The overarching feeling this week, though, is that Arkansas and Ole Miss might be in for a lower-scoring game — certainly lower than their 52-51 epic last year in Oxford, Miss.
Arkansas coach Sam Pittman said he thinks the weather held down the scoring last week against LSU, and hopes for colder weather this week.
“The colder the better,” Pittman said, adding, “We’re rooting for a freeze-out if we can get it.”
Ole Miss also played in cold conditions last week, a 30-24 loss to Alabama on its home field. The kick-off temperature was 39 degrees.
While that game had a distinctly different feel than the Arkansas-LSU game that preceded it, it was still relatively low scoring. Ole Miss and Alabama were collectively scoring 79 points per game beforehand.
“If it comes to rain or wind, that affects different things in the play-calling and stuff,” Ole Miss coach Lane Kiffin said. “But when it’s just cold, that affects both teams, so it doesn’t impact game-planning.”
As we wrote last week, oftentimes the team that can run the ball most effectively has a good chance to win cold-weather games. Ole Miss (259.6) and Arkansas (223.3) rank first and third, respectively, in the SEC in rushing yards per game. The Razorbacks ranked first prior to a loss to Liberty two weeks ago, and their average took a major hit a week ago with quarterback KJ Jefferson out of the lineup and Raheim Sanders limited to 46 yards on 12 carries.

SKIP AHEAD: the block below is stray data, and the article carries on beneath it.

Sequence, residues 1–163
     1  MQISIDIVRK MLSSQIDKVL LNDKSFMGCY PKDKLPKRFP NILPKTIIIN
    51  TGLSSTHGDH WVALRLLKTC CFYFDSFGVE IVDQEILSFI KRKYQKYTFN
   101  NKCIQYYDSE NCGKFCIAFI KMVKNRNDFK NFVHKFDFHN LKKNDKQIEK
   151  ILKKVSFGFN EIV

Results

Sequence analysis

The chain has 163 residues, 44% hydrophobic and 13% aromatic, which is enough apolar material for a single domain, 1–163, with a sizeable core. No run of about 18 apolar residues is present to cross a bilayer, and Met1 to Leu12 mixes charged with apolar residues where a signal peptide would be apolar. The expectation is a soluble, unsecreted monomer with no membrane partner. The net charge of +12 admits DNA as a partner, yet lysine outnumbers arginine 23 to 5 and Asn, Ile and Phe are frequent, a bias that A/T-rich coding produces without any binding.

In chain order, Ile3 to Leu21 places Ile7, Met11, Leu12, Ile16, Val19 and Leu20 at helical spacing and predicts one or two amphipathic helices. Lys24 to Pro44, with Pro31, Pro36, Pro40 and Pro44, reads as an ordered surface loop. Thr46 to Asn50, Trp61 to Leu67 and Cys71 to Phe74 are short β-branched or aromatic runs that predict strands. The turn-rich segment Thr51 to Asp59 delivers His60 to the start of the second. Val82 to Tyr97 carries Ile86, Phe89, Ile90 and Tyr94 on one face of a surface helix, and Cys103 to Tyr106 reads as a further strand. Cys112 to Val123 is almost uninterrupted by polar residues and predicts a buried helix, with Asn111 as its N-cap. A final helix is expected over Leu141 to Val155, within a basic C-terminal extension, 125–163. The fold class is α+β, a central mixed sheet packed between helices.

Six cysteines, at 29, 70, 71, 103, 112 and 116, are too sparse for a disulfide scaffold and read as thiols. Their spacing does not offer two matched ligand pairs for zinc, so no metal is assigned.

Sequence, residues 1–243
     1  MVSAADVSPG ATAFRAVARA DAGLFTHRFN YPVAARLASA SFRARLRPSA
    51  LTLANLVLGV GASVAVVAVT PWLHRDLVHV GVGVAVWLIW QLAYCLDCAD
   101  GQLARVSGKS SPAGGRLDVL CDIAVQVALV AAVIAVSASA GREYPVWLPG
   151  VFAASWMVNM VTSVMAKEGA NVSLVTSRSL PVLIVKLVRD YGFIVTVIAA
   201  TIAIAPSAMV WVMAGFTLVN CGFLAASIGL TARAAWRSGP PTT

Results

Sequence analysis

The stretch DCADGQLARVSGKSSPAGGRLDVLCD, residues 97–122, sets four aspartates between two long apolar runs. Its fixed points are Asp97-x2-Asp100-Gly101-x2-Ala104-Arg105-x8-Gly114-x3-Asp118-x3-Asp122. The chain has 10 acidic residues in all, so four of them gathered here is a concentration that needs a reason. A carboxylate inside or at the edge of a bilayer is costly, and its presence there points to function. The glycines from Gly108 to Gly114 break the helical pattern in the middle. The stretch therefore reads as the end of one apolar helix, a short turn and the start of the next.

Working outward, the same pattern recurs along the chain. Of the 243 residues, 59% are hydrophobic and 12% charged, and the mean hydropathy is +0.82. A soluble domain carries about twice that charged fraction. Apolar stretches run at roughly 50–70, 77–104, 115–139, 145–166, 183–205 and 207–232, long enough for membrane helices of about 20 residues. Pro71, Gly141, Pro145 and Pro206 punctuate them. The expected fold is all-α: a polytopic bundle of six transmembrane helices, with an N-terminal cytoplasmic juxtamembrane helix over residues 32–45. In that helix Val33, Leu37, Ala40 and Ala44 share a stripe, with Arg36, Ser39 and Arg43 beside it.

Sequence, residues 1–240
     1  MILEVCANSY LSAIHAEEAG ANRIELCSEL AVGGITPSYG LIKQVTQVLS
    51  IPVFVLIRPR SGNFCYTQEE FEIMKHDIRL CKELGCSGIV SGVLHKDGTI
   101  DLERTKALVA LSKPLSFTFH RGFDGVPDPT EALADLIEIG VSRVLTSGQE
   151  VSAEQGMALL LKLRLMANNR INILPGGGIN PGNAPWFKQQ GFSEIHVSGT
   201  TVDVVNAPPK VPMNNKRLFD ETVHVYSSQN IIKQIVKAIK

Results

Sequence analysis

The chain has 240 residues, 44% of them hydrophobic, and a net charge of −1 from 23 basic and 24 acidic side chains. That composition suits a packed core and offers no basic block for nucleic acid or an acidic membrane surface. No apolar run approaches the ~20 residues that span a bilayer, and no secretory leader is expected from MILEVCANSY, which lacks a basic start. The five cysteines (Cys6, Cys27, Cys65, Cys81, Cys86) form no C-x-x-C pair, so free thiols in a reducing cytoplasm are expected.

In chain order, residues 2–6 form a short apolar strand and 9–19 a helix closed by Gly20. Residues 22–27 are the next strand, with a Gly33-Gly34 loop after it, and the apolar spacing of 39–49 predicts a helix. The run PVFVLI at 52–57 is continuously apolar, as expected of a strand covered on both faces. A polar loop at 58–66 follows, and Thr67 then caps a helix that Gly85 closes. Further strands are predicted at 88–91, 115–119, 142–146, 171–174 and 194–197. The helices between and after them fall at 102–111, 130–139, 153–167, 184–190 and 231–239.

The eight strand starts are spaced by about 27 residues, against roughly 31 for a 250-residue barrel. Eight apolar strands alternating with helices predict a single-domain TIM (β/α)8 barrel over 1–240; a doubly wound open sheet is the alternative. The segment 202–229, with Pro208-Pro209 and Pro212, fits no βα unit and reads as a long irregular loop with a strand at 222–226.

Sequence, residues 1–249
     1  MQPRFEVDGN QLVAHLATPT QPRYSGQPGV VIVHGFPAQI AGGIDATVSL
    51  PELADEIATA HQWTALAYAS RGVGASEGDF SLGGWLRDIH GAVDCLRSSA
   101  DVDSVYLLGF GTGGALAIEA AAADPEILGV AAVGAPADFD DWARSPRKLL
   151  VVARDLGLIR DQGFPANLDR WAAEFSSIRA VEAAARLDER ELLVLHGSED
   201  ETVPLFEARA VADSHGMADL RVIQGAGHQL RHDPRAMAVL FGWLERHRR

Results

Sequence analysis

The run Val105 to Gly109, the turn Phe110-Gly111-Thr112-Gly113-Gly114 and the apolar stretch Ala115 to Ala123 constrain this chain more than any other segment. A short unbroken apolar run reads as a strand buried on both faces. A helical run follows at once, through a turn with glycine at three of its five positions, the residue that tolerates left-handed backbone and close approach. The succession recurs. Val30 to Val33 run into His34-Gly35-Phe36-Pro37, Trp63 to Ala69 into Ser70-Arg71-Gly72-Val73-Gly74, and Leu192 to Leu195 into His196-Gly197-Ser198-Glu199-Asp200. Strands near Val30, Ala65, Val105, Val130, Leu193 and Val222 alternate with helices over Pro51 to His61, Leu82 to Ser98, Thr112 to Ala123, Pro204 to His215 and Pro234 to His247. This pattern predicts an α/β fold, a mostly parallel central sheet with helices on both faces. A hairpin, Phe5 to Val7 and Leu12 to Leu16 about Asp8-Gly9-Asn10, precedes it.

LSU’s ability to run the ball — running back Josh Williams finished with 122 yards — helped set up three scoring drives and assisted in offsetting a bad day for quarterback Jayden Daniels, who was less accurate than usual and sacked seven times.
Ole Miss has the SEC’s leading rusher in freshman Quinshon Judkins, who is averaging 116.9 yards on 20.5 attempts per game. Sanders led the SEC until last week and averages 114.7 yards on 18.5 attempts for the Razorbacks.
Junior Zach Evans has also been a solid back for the Rebels this year and averages 76.9 yards on 12.7 carries. Judkins and Evans have combined to rush for 22 touchdowns.
If Jefferson can play, as is expected, both teams have to honor the quarterback run. Jefferson averages 53.1 rushing yards and Ole Miss sophomore Jaxson Dart averages 50.8.
The teams have similar rush defense stats. Arkansas ranks seventh and Ole Miss eighth in the SEC in that category.